If you’re like me, you’ve spent a lot of time wondering if dinosaurs exhibited parenting behavior. A recent fossil find in China seems to support the idea that some species of dinosaurs did parent their offspring.
This particular fossil was an adult skeleton of a dinosaur known as Psittacosaurus, surrounded by thirty-four juvenile skeletons. The adults of this plant-eating species are about the same size as a medium dog.
All the dinosaurs are upright, with their legs tucked beneath them, in a way that suggests that they were somehow buried alive. The lifelike postures, the good condition of the bones, and the fact the skulls and the skeletons in the fossil don’t overlap also indicate that it’s unlikely that the juvenile skeletons were transported or scavenged. And the fact that the juvenile bones are well formed shows that the young dinosaurs hadn’t just hatched.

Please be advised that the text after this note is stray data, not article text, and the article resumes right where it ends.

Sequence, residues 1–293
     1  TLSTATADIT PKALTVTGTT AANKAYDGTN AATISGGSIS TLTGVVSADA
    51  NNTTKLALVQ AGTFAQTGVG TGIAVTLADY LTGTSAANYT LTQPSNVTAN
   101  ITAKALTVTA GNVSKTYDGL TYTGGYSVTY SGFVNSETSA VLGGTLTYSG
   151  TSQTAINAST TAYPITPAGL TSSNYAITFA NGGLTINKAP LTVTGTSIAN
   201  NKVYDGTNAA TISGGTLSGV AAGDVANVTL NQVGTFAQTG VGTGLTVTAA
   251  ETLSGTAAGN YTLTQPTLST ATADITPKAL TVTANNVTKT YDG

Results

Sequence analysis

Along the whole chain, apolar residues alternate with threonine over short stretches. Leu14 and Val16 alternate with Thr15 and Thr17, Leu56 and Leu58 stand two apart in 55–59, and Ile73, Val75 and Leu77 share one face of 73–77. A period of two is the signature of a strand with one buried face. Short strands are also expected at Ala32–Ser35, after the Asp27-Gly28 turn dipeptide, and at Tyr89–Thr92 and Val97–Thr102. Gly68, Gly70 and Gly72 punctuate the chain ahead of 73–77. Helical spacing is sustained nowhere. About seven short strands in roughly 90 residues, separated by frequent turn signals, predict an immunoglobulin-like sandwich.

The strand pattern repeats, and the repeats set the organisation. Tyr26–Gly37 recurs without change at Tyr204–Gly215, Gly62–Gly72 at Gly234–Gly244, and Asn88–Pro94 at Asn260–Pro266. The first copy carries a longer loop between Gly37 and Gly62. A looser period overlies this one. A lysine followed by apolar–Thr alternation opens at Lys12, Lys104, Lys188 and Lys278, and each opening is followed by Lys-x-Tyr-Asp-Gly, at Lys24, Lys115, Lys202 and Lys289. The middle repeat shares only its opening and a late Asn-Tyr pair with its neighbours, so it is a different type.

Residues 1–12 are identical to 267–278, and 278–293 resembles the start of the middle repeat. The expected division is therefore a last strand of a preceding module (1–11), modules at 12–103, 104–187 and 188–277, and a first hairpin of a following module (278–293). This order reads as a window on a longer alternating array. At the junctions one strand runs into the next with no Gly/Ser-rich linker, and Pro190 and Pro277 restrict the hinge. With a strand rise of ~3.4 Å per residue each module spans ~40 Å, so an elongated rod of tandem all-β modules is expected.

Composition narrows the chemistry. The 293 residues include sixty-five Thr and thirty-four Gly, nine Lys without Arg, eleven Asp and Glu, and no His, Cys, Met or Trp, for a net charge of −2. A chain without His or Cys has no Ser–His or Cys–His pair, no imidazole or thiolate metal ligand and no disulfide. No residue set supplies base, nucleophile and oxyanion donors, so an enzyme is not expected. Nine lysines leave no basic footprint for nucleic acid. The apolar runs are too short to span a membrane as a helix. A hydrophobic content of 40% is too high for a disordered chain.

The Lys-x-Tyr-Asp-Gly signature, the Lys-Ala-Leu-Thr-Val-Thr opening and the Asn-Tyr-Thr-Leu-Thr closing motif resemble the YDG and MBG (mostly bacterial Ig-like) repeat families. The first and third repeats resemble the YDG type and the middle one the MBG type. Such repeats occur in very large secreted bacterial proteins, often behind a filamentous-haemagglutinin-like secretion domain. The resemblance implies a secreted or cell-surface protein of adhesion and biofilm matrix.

If we look at the descendants of this species of dinosaur–birds and crocodiles– they nest and parent their young. However, they could have picked that up sometime during the course of evolution. It’s too early to say for certain whether dinosaurs parented or not. It would help if scientists found other similar groupings of dinosaurs in other locations.